This is about a goal oriented Chinese spy op in Denmark related to 5G.


We don't actually know that about Nortel. It's rumored that someone broke into Nortel's internal networks, but there's nothing to say it was Huawei. This also had nothing to do with Nortel's collapse, which was caused by its own massive failings.

The Cisco software issue was pretty minor, and was settled almost 20 years ago.


You can look at some cards from a Nortel OME 6500 (Nortel's flagship product at the time) and a Huawei OptiX OSN 9500 and see a familial resemblance that does not exist between cards from Nortel/Ciena and their US/EU/IL competitors...

Nobody commenting on this article has blamed Huawei for Nortel's collapse yet you keep bringing up that it wasn't Huawei's fault. Why is that?


Because that's the standard claim that's made, usually as a justification for driving Huawei out of business using sanctions.


The systemic theft of IP from the China government and corporations is not deniable.

There are countless examples not just from the US but EU, Australia, Canada etc.


This is from Bloomberg Businessweek? They still haven't retracted the sensationalist story about SuperMicro and Amazon and secret Chinese spy chips, right?

Take these claims with a huge grain of salt.


It's even the same journalist as the previous sensationalist story: Jordan Robertson.

- https://www.bloomberg.com/news/features/2018-10-04/the-big-h...

- https://siliconangle.com/2018/10/22/apple-amazon-super-micro...

Something smells fishy.


TDC has stated to Danish media that they "recognize parts of the story" but have refused to elaborate. They haven't wished to refute any parts either.

https://nyheder.tv2.dk/business/2023-06-16-tdc-genkender-del...


I used to work for Motorola. Even back in the 2000s we were extremely cautious around Huawei. I recall it being pretty standard that any important meetings while overseas and near Huawei folks would always take place in the middle of the hotel pool.



China really is the single greatest threat to global peace and freedom. What they cannot buy, they steal, and what they cannot steal, they threaten and intimidate. IP theft is just the tip of the iceberg, don't forget Chinese police stations in western countries, and infiltration through universities. There is enough, reasonable, logical, and very well investigated information that points to China as a serious bad actor. A clear and present danger to global security.


See this: https://www.fbi.gov/investigate/counterintelligence/the-chin...

"At the same time, the Chinese government is seeking to become the world’s greatest superpower through predatory lending and business practices, systematic theft of intellectual property, and brazen cyber intrusions."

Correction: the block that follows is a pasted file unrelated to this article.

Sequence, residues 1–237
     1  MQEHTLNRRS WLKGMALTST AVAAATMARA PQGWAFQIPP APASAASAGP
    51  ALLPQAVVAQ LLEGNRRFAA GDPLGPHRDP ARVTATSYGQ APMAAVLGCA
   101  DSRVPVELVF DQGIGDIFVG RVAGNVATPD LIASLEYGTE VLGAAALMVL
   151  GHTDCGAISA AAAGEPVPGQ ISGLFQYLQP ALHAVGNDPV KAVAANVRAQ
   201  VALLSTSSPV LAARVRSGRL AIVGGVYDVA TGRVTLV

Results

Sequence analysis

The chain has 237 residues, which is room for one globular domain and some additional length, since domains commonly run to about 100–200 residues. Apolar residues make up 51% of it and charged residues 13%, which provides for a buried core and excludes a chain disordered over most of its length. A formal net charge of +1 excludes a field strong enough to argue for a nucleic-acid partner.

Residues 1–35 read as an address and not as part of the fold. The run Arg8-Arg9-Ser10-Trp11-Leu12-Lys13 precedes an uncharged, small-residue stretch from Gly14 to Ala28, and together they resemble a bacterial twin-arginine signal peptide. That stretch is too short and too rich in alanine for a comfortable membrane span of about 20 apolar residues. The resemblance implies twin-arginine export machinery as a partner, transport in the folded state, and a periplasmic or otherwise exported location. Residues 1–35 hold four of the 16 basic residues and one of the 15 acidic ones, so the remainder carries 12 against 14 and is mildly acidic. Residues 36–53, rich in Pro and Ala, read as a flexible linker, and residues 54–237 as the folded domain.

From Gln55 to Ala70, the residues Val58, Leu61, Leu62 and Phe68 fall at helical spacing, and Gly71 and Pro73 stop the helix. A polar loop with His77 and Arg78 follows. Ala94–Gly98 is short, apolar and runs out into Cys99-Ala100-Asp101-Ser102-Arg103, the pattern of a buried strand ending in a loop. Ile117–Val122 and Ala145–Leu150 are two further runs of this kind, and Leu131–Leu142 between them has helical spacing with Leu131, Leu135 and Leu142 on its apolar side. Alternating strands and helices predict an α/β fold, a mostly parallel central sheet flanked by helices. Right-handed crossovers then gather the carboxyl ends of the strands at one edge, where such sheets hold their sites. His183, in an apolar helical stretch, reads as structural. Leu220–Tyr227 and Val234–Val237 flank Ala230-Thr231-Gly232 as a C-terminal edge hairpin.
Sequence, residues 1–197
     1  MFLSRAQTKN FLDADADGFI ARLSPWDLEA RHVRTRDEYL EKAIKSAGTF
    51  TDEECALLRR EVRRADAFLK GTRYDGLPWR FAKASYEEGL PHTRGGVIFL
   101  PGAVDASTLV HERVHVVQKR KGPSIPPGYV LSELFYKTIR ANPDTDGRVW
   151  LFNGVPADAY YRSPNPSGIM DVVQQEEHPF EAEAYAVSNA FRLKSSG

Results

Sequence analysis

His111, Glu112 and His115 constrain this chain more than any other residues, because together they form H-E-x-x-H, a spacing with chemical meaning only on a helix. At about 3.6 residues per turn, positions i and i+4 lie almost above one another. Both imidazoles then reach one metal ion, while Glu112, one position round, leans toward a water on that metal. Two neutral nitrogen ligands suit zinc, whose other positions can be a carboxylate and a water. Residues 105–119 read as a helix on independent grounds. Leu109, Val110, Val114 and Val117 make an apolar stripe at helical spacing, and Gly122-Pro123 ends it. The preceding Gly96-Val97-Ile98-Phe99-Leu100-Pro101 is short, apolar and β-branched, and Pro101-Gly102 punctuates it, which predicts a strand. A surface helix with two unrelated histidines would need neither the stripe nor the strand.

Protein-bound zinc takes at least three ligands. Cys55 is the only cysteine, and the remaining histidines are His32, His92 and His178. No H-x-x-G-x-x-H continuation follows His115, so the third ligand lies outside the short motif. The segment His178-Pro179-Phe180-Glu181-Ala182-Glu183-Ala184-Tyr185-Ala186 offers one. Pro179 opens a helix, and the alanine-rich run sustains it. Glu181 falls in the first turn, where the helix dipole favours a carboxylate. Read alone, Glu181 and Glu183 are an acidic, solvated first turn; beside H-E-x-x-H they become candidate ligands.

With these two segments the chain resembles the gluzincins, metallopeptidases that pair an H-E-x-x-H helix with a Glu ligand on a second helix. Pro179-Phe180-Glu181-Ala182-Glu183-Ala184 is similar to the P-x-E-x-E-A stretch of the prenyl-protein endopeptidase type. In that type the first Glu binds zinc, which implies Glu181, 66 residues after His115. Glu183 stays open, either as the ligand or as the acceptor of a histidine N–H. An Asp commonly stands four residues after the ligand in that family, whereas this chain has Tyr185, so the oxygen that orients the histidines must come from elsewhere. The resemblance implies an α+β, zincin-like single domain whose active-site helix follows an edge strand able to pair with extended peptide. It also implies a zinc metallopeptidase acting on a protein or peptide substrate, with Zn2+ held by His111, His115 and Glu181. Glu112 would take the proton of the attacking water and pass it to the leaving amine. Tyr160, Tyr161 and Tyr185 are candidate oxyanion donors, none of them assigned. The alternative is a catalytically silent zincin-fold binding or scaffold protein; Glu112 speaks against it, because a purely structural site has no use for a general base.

And just recently:

https://apnews.com/article/korea-samsung-china-copycat-semic...

"South Korean prosecutors have arrested and indicted a former executive of Samsung Electronics suspected of stealing trade secrets while attempting to establish a copycat computer chip plant in China."

There are literally hundreds of articles like this - and it's been going on for decades. But the behavior alleged in this article seems even more blatent and aggressive than the past, and perhaps a foreshadowing of what is to come in the near future.


I know speaking in abstract or on a high level is difficult, but I believe whenever we speak of the actions of the government of China and aligned businesses as ‘China’ we strengthen a narrative that they use of clash of civilisations, that legitimises them as ‘China’ and anyone in China opposed to them as ‘foreign backed subversives’


Only if we allow them to be.

If liberal western (and I mean liberal not "liberal") democracies stop our appeasement policies things will improve.


This sort of anti-Chinese hysteria is really getting out of hand.

China has been very reserved on the international scene in the last 40 years or so. It hasn't fought any foreign wars, and it's been mostly focused on its own internal economic development. That development has also brought enormous wealth to the United States and other developed countries, which have been able to access (previously cheap) Chinese labor and the rapidly growing Chinese market. Much of the modern American way of life over the last few decades would have been impossible without the economic development of China.

Since Trump came into office, there has been an incredible swing in American public opinion on China. China is now to blame for everything, an embodiment of pure evil, lurking around every corner. Maybe China is in the room with us right now.

It's sad to see this attitude spilling over into HN. The tech industry is incredibly international (and Chinese engineers make a major contribution to the US tech industry), and not only does the increasing animosity go against the open spirit of tech culture, but it will severely damage the industry in the long run as international barriers go up.


hmm.. every country capable of doing this does this. Does not make it right.. but singling out china is just drinking too much of kool aid.


China should be made an example of


Maybe the biggest offender should be made an example of??


Yeah. China. The difference with China is that it's a deliberate coordinated plan from a single entity; the Chinese government. Essentially they're one mega-monopoly with incredible power without even a whiff of altruism.


Really? You can't think of any other country that might have started tons of wars and be a "threat to global freedom"? Maybe even a greater offender than China (who did they invade in last 50 years again? forgot)